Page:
Certain objectives that instruct me to go to X objective might require a Y method, but because the game does not provide clear instruction, I am left to figure things out by process of elimination. For example, in the second map of the Vithara campaign, at a certain point I was told to use a mammoth unit to clear a barricade blocking their way to an enemy base, but the game does not specify which barricade. Because of this, a barricade of turrets shredded my army, when I was supposed to go to a barricade that was part of the geography of the map and was scripted to disappear when I brought a mammoth. Unfortunately, this mistake would force me to restart an hour-long map from the beginning, because again, Warparty does not allow saves. Thus, any critical mistake, whether triggered by a bug, poor instructions, or bad gameplay on the player’s part, will result in a replay of that hour. Not cool.
Now I have dedicated a lot of text to note that Warparty could use some more polish, but there is some good stuff here, too. The three factions are varied enough in their themes to present themselves as distinguished. The Wildlanders are the standard “human” faction, though beyond regular warriors and archers, their mid-tier units consist of domesticated dinosaurs, such as panther or triceratops riders (I guess saber-tooth tigers did not make the cut). But even if those sound uninteresting, the top-tier unit is a friggin war T-Rex!
The Vithara are my favorite race, clearly inspired by my WCIII favorites, the Night Elves, right down to wisps being used to gather resources and build structures. Their claim to fame is that this faction is made entirely of non-human units: raptors, dilophosauruses, ankylosauruses, panthers (???), windigoes, mammoths, and dryads, oh my!
I typically gravitate toward necromantic themes in my fantasy games thanks to Heroes of Might and Magic, but even though the third faction is called the Necromas, only the tier-0 unit consists of zombies. the other units are either acolytes of death, such as the bone adept, blow gunner, shamans, and witch doctors who are human, or they are elementals or golems. With the third resource after food and gems—G’on power—it is possible to raise an army of zombies that exceeds the population limit, giving the Necromas a very HoMM feel where a stack of 1000 basic units still hits as hard as top-tier stuff. Because of this, I find the Necromas the easiest faction to play.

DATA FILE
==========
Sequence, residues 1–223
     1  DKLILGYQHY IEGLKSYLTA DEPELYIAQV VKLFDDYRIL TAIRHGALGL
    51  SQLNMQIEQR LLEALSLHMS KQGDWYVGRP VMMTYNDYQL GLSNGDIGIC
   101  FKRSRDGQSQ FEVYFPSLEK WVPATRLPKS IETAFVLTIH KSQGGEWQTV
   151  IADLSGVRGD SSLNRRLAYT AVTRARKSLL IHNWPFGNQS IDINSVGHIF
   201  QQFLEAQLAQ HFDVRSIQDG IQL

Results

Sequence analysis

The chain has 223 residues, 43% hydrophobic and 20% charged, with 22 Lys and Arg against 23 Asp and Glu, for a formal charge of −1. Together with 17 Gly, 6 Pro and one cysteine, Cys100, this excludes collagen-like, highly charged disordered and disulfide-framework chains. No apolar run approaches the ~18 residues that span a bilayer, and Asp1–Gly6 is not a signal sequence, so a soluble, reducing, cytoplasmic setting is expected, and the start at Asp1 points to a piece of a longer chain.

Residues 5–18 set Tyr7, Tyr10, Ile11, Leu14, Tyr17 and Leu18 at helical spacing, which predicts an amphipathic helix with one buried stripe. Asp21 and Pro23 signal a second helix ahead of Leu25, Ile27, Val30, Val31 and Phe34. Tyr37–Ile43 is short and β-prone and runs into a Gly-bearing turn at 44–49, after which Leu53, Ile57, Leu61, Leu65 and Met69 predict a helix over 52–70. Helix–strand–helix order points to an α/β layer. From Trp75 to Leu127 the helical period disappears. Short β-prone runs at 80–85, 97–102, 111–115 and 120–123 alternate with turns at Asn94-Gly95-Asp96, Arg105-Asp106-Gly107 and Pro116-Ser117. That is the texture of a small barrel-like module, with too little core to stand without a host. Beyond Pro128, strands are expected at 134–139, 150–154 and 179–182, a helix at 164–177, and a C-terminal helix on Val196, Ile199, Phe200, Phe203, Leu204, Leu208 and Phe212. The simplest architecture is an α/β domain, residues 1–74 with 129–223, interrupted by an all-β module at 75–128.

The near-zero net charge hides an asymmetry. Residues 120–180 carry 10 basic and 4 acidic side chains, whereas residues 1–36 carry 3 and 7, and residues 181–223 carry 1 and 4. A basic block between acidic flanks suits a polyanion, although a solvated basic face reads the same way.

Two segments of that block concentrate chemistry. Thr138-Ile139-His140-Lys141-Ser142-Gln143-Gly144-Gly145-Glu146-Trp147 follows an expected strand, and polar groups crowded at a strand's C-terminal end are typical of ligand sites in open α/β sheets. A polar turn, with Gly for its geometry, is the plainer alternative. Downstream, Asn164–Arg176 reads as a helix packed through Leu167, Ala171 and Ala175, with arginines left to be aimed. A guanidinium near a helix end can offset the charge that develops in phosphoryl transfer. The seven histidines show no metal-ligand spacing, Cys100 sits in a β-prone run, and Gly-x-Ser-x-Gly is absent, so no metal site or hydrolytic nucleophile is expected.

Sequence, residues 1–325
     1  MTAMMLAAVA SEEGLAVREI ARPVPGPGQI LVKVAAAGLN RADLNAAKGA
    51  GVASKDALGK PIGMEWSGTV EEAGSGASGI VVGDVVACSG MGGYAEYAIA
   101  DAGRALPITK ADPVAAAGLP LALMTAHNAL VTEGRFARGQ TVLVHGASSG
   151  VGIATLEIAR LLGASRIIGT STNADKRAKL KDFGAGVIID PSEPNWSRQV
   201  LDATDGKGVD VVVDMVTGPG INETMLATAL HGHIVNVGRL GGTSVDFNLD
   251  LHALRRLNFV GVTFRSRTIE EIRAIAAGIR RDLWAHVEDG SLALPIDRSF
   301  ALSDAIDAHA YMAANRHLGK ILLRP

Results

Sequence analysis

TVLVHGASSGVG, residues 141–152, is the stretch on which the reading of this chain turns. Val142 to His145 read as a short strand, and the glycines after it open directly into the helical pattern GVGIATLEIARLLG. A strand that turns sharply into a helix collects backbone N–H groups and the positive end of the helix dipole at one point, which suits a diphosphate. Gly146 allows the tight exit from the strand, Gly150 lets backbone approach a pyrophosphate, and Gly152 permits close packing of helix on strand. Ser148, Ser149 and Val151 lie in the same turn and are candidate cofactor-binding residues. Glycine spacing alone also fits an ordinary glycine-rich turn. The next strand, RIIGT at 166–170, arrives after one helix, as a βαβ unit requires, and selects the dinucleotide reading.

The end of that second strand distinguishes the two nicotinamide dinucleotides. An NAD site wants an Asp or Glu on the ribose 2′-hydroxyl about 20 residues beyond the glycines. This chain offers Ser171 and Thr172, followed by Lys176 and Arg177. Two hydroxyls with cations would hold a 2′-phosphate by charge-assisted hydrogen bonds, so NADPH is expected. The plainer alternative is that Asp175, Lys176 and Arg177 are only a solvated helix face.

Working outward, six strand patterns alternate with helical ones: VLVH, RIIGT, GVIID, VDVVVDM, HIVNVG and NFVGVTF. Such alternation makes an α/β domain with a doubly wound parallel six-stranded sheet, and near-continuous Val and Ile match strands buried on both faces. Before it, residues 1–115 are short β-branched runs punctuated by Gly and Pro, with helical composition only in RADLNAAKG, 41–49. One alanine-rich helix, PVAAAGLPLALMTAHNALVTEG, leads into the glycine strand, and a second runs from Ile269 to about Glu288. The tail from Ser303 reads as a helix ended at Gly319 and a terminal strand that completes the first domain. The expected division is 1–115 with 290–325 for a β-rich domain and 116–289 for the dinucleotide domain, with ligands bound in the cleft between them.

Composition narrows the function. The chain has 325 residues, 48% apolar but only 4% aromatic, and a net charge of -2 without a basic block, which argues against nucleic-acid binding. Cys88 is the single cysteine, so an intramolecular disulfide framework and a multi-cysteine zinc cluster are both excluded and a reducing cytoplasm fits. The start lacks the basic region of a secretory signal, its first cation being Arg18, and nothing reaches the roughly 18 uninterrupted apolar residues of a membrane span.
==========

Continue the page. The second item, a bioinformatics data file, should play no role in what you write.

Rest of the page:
My favorite part about Warparty is its difficulty, which I noticed by the second mission of the first campaign with the Wildlanders. Here I am, building a sparse squad of soldiers while achieving objectives, but the game has assumed that I was raising an army in the meantime. After triggering the final objective, the AI facerolled me. Even when I brought a decent army the second time, I engaged into a battle of attrition. Remember the Vithara mission requiring the mammoth to clear a barricade? On my second attempt at this mission, I managed to “base race” while destroying the enemy’s first, only to learn that the AI had constructed a whole new base on the other side of the tower barricade. Wow, that is an old Age of Empires 2 free-for-all strategy of mine, when two opponents (who are being soft on each other) join forces to eliminate me since I am 1-2 eras ahead, and I take an emergency boat of my last peasants to quietly rebuild on the map’s fringe. I was completely rope-a-doped!
There are enough features in Warparty to demonstrate that Warcave and Crazy Monkey Studios have a passion for real-time strategy, because it looks like they have been paying attention and taking notes on what has worked for the genre in the past. However, the version of the game that I played could still use polish; though the developers have promised “day one” patches to resolve some of my release-week Early Access gripes, I judge the game based upon what I have experienced. I think Warparty‘s greatest claim to fame is that it will be the first RTS experience for some gamers this generation, especially on Switch. There are better options on PC….
Review code generously provided by Warcave Games.
The Bottom Line
Warparty provides just enough fun for me to overlook some of its flaws to stay and play.